Though the hybrid model at the high school aims to make life in school as normal as possible while still adhering to COVID-19 safety protocols, any restrictions put in place greatly affect how the Performing Arts department runs classes and conducts plays and concerts.
Navigating through an altered curriculum that maintains social distancing and mask-wearing customs while also making an effort to include both in-person and online students challenges is very challenging for teachers. These safety protocols impose drastic changes heavily upon the Performing Arts department classes that require intimacy, close contact and projection of voices.
One challenge the choral department significantly struggles with is the difficulty in projecting voices and hearing others sing while wearing a mask. According to the safety guidelines set forth by the Department of Elementary and Secondary Education (DESE) and the Governor’s office, students must sing outside, ten feet apart, masked, and facing one direction.
Due to the differences in speed of internet services, lag presents another challenge on Zoom by preventing singers from singing or playing simultaneously and in time with one another. Zoom also allows only one microphone to be picked up at a time, so class cannot address vertical harmony and tuning. Students on Zoom, as a result, must sing on mute.
“This is very strange to say the least because this means the teacher never actually hears the singers sing,” said Dr. Kevin McDonald, choral director.
Ms. Kara Sullivan, the theatre director, worked for much of the summer educating herself on techniques to make theatre feel “real” for students online. One way she did this was by taking a week of online classes with Broadway professionals with a grant she earned from the Parent Teacher Student Organization (PTSO). She finds that there are pros and cons to taking theatre class online.
“There is an intimacy in theatre that is difficult to create online and it provides for a lot of obstacles. However, for those students who may feel more shy in person, Zoom can help provide a safer place for those students,” said Sullivan.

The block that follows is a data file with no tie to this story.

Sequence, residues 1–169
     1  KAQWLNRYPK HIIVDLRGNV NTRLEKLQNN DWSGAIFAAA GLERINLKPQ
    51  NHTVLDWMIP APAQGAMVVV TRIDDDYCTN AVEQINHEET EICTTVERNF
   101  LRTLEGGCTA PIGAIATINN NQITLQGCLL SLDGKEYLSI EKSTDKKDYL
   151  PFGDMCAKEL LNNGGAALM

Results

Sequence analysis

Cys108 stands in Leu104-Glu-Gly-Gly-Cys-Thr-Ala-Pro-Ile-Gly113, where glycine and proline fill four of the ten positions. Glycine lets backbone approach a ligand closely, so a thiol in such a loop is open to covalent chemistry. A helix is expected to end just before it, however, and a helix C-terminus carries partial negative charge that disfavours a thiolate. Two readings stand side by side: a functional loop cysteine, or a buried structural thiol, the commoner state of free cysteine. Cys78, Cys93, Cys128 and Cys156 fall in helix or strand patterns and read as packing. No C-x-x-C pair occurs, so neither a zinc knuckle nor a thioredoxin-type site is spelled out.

The hybrid model forced the Performing Arts department to alter the curriculum and organization of classes . For chorus, online and in-person students start together, listening to and sharing music, taking care of general business and announcements, and addressing the instruction of music fundamentals using the projector screen, screen sharing with both cohorts. Half way through the class, the remote cohort group receives a written music assignment, and the in-person cohort goes outside to set up and get ready to sing.
“Individual instruction is a bit easier because you can provide accompaniment tracks for students to use at home; you can have one singer perform from home using the accompaniment track and the teacher can listen and respond to what they hear and instruct specific topics on their vocal performance,” said McDonald.
Sullivan transferred her curriculum into focusing more on script analysis and playmaking as opposed to performance work.
“I like to think of turning these challenges [of the restriction on the curriculum] into opportunities… It is a great way to read plays of different voices, create work of our own and branch out,” said Sullivan.
In terms of live performances, choral concerts and the fall play will not happen in-person. However, there will be a documentary filmed and streamed for the fall play, The Laramie Project Ten Years Later, in December. Auditions were held online, and online rehearsals happen three times a week. The choral department is focusing on virtual concerts using technology that will be shared out in the community through Youtube and social media.
“The wonderful community of the arts department is still very present even if it is over Zoom or six feet apart outside,” said Lucy Calcio ’22.